All meeting participants remained concerned about the outlook for inflation. Although readings on core inflation had improved modestly since the spring, nearly all participants viewed core inflation as uncomfortably high and stressed the importance of further moderation. Participants expected core inflation to edge lower over time, in part as the pass-through of higher prices for energy and other commodities ran its course and as the moderate growth in aggregate demand likely led to a modest easing of pressures on resources. Some participants also highlighted the impact that movements in the prices of individual components of the price index, such as owners' equivalent rent and medical costs, could have on near-term readings on core inflation. More generally, participants stressed there was considerable uncertainty as to the probable pace and extent of the moderation in core inflation and that the risks around this desired downward path remained to the upside. Moreover, participants expressed concern that a failure of inflation to moderate as expected could entail significant costs if an upward drift in inflation expectations ensued.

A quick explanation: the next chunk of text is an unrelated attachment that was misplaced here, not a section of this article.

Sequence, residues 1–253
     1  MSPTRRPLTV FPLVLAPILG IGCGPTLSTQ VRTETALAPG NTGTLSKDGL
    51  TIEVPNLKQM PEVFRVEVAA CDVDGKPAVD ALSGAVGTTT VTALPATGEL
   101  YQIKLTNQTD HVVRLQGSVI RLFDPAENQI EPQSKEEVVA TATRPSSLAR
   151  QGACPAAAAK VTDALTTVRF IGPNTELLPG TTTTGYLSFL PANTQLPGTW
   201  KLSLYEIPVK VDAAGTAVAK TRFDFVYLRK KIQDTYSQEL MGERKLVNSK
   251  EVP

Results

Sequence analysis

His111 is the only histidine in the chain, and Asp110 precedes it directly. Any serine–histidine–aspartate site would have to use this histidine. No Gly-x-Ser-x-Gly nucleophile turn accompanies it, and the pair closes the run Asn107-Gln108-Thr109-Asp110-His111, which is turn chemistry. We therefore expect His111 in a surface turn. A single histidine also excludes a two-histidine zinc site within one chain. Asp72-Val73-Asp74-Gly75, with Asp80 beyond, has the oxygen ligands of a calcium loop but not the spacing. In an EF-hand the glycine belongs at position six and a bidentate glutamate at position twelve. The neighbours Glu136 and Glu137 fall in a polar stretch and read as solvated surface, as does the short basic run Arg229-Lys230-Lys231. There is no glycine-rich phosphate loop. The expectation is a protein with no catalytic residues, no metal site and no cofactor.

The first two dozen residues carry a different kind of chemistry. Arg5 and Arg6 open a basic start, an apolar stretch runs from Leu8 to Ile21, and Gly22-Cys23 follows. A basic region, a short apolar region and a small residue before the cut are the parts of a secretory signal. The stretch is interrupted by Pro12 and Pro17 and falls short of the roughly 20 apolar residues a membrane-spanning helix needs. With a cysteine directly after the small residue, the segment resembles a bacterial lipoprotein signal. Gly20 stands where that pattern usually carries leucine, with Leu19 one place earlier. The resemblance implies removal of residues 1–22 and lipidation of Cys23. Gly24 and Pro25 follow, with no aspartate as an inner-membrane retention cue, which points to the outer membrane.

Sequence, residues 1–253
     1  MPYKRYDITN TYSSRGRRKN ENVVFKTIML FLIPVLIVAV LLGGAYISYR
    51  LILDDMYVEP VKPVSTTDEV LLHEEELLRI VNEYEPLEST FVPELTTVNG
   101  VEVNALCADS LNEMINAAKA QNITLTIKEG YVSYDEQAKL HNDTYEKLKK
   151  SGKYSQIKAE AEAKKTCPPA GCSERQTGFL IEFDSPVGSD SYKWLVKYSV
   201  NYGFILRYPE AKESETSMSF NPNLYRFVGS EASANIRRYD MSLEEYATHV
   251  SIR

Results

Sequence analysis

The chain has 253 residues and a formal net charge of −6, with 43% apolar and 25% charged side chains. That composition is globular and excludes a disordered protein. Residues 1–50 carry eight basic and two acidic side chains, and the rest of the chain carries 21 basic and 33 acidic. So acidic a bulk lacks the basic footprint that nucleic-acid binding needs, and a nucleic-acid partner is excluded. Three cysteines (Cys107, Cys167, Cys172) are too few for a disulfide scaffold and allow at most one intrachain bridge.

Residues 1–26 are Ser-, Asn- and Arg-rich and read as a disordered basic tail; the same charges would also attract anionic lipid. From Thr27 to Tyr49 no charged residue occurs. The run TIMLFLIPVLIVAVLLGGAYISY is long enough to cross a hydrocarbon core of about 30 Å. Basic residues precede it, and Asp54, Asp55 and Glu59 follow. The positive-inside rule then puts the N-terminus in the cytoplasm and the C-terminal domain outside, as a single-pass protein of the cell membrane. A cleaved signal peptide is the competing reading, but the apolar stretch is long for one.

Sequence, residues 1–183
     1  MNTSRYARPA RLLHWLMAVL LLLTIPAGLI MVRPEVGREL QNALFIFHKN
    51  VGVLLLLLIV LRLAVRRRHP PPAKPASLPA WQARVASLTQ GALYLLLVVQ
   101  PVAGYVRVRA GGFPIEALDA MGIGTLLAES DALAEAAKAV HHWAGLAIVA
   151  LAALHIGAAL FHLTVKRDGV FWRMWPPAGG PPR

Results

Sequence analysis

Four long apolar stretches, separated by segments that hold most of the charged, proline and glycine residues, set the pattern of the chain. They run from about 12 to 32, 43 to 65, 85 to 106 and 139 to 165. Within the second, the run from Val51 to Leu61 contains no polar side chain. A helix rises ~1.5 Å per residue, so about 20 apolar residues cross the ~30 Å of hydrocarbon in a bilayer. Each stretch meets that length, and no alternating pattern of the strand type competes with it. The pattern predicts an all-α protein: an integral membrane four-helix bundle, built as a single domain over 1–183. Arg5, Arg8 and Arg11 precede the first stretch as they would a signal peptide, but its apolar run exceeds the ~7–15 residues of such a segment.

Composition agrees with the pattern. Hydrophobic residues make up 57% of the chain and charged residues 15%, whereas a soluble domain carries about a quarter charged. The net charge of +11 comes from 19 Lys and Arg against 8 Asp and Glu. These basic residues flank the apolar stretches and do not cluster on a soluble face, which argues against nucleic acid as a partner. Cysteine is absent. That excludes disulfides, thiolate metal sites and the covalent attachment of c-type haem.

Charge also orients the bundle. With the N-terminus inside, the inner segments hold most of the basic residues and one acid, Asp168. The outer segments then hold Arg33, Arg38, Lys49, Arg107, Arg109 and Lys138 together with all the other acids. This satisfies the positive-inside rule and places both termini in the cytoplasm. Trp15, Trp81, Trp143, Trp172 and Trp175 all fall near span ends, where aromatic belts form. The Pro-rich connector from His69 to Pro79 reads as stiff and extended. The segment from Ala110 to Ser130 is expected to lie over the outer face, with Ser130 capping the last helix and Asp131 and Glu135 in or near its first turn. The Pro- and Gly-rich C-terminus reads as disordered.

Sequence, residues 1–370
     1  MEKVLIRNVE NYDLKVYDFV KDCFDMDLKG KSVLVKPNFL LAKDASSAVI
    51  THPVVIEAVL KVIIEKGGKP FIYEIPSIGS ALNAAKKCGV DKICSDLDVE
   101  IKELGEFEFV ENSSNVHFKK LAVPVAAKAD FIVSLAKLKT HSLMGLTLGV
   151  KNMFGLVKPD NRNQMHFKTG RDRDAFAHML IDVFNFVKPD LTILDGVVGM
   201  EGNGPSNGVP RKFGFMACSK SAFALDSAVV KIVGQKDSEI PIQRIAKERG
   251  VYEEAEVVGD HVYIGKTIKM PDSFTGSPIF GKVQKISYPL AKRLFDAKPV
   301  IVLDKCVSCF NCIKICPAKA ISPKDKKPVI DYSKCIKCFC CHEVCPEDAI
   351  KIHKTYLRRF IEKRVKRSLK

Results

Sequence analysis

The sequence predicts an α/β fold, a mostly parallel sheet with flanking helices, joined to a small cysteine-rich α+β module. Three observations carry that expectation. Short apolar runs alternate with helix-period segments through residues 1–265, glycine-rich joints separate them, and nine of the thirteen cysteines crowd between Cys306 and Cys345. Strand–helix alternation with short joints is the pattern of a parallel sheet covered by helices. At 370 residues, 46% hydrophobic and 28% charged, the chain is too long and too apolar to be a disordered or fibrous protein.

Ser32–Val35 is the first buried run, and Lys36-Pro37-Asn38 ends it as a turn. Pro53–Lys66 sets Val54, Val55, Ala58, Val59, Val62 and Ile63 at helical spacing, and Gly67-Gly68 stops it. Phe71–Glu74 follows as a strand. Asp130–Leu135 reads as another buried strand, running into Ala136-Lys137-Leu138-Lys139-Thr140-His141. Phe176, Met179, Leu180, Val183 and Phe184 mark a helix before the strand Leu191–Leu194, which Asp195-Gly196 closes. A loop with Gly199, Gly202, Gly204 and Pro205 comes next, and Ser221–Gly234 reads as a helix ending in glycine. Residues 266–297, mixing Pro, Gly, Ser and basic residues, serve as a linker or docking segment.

OK -- let's translate this eco-geek talk.
1.) Everybody -- each Fed Governor -- was concerned about the inflation outlook. That means everybody from the most dovish to the most hawkish governor.
2.) Nearly everybody -- which I translate as more than a simple majority and most likely at least a super-majority (2/3) -- don't like the current inflation level.
3.) Individual CPI components -- Owner's equivalent rent and medical costs -- are raising eyebrows.
4.) The Fed has used language to the effect of "inflation will moderate over time" for the last few meetings. The problem is, "when"? We know inflation is on everybody's mind and most governor's don't like the current level. Despite the recent downward movement in CPI, the governors are still concerned.
So -- what are the Fed governors looking for? Looking at the latest CPI report, we see a gradual decline in core CPI. For overall CPI, September and October we see declines of .5% and in November we see a 0% advance. The bottom line is the raw numbers don't look half bad.
However -- let's look at the Cleveland Fed's median CPI:
According to the Federal Reserve Bank of Cleveland, the median Consumer Price Index rose 0.2% (3.0% annualized rate) in November. The median CPI is a measure of core inflation calculated by the Federal Reserve Bank of Cleveland based on data released in the Bureau of Labor Statistics’ (BLS) monthly CPI report.
Then there is the Dallas Fed's Trimmed Mean PCE:
The trimmed mean PCE inflation rate for November was an annualized 1.2 percent. According to the BEA, the overall PCE inflation rate for November was 0.1 percent, annualized, while the inflation rate for PCE excluding food and energy was 0.5 percent.
The 12-month rate of change was 2.4%. While the 12-month number has decreased for the last 3 months, it is still at an uncomfortable level for the Fed.
I am beginning to suspect these alternate inflation measures carry a bit more weight with the Fed than they are letting on.